Researchers Christina Nagel, Christine Aurich and a team from Vetmeduni Viennas Centre for Artificial Insemination and Embryo Transfer worked with a sample of 25 third-year vet students. The team worked to test how efficient simulator training could be in teaching large animal gynaecology.

    The sample, separated into three groups, were instructed on palpation and ultrasonography of the equine genital tract of horse mares. The first group used a simulator box with rubber genital organs and were each trained four times. Group two were also trained four times but on teaching horses. The final group received only a single training session on horse mares.

    The study found that simulator training was almost as efficient as using teaching animals. After a two-week gap, the sample students used their knowledge to examine and diagnose a horse mare.

    The group who had the chance to train on horses four times received the best scores, but those who had trained on the simulator werent far behind, with those who had a single session coming in last.

    Simulator-based training prepares the students very efficiently for diagnostic procedures on live horses, Nagel said. Simulators are, however, not only an additional teaching tool for our students but also a contribution to animal welfare. Only when students have successfully finished the simulator-based training course are they allowed to perform the same diagnostic procedures in animals.

  • news + events


    The secrets of wombatsFor the first time ever, researchers from the University of Adelaide have been able to non-invasively study the inner workings of wombat warrens, with a little help from ground-penetrating radar.

    Despite being the faunal emblem of South Australia, very little is known about the burrowing habits of the southern hairy-nosed wombat.

    As part of a larger study into wombat conservation, Michael Swinbourne, PhD candidate in the Universitys School of Biological Sciences, set out to test a new way of mapping wombat warrens.

    His research has been published in the peer-reviewed journal Wildlife Research.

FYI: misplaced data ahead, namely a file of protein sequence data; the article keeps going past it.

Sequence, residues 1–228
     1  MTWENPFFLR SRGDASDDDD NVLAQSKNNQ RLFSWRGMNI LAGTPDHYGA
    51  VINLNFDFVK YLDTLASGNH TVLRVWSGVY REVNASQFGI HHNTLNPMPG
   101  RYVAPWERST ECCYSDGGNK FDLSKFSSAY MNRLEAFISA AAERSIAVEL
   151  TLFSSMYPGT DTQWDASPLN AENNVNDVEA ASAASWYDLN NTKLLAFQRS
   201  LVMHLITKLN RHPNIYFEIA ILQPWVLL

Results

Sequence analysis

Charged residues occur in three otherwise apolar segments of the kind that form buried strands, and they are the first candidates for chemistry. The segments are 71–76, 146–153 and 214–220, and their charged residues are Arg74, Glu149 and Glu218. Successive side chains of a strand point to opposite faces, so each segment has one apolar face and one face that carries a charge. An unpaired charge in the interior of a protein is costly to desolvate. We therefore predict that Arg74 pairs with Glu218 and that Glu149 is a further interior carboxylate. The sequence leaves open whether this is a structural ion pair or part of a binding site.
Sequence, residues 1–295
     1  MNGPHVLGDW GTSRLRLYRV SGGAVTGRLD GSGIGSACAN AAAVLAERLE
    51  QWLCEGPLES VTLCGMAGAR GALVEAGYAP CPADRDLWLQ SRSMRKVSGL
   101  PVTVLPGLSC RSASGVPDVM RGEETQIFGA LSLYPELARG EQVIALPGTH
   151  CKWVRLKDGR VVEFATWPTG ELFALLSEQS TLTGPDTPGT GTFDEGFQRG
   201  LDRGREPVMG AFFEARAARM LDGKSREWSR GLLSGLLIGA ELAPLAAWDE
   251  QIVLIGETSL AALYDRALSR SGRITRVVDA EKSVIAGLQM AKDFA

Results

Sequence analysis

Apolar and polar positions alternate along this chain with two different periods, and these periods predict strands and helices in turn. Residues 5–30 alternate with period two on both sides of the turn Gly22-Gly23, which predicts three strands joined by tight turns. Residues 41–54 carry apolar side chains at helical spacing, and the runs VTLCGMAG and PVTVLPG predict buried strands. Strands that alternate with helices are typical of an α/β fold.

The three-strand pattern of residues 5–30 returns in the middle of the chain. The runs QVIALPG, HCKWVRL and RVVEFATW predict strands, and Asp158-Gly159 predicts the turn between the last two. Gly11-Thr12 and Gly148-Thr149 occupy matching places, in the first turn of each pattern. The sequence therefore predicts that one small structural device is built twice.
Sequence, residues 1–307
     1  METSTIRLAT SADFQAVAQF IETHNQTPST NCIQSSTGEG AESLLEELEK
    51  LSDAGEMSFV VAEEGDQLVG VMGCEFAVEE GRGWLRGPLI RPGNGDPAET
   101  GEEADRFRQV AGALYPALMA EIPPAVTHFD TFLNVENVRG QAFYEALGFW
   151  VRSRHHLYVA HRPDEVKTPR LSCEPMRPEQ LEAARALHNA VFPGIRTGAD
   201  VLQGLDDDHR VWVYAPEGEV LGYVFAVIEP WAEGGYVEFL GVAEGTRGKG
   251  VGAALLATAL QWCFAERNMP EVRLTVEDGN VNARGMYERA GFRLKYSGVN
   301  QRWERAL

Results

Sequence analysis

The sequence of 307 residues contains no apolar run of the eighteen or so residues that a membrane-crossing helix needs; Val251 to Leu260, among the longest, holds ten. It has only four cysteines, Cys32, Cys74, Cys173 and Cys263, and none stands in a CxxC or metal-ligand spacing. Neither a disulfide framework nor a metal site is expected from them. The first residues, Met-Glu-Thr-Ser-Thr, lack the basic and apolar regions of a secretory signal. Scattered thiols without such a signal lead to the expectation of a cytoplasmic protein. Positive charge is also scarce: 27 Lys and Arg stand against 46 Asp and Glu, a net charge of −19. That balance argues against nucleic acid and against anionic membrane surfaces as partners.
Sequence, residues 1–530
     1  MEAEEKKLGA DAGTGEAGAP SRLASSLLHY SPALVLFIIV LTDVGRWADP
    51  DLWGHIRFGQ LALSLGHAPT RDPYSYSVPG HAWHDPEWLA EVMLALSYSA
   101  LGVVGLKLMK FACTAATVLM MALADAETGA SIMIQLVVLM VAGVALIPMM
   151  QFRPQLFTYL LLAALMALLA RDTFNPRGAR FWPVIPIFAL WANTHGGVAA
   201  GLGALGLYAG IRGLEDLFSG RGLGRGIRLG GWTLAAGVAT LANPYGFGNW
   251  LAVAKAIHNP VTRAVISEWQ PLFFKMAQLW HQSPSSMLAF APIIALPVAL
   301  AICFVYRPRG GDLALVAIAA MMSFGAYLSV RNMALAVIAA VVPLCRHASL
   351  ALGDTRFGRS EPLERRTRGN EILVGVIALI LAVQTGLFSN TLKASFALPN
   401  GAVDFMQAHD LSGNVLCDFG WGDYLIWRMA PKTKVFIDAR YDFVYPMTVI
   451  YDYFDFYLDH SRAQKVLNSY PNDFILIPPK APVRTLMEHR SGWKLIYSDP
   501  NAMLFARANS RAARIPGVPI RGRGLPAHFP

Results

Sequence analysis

A major problem we are grappling with is understanding just how many wombats there are and whether their numbers are increasing or decreasing, Swinbourne says.

    At the moment we use satellite imagery to count the warrens and then use that information to estimate the numbers of wombats living inside. This method isnt perfect because we dont know much about how wombats share their warrens.

    Using ground-penetrating radar meant Swinbourne and his team

    were able to map warrens built underneath thick layers of hard limestonewhich occurs throughout much of the wombats range.

    The aim of this project was to map the extent of wombat warrens in different ground conditions; to gain a better understanding of the relationship between how they look on the outside and what goes on underneath, he says.

    They found warrens built under limestone differ substantially to soil warrens, being an extensive series of tunnels and chambers rather than simply a discrete tunnel underground.

    These findings have important implications for how we estimate the numbers of wombats, and also how we think about the social structure of a wombat colony. They might be more social than we previously thought, Swinbourne says.

    Wombats are considered an agricultural pest because their burrowing activity can cause damage to farm infrastructure and equipment as well as crops.

    Lessening the southern hairy-nosed wombats impact on agriculture on one hand, while conserving it on the other, continues to be a significant challenge for conservationists.

    In a bid to stop the states puppy farms from flying under the radar, Queensland MP Leanne Donaldson has this week introduced a bill she hopes will stamp out the problem.

    The bill, if passed, will require compulsory registration for all dog

    breeders. The agriculture and fisheries minister said that

    the registration will allow for detection of previously hidden puppy farms.

    A new dog breeder registration system will, for the first time, make

    it possible to locate and close down those dog

    breeding facilities where profit is put before the welfare

    of dogs, said Donaldson.The government has worked with

    the RSPCA to create guidelines. The guidelines were sanctioned in public survey discussions, in which 95 per cent of respondents were in favour of the compulsory registration...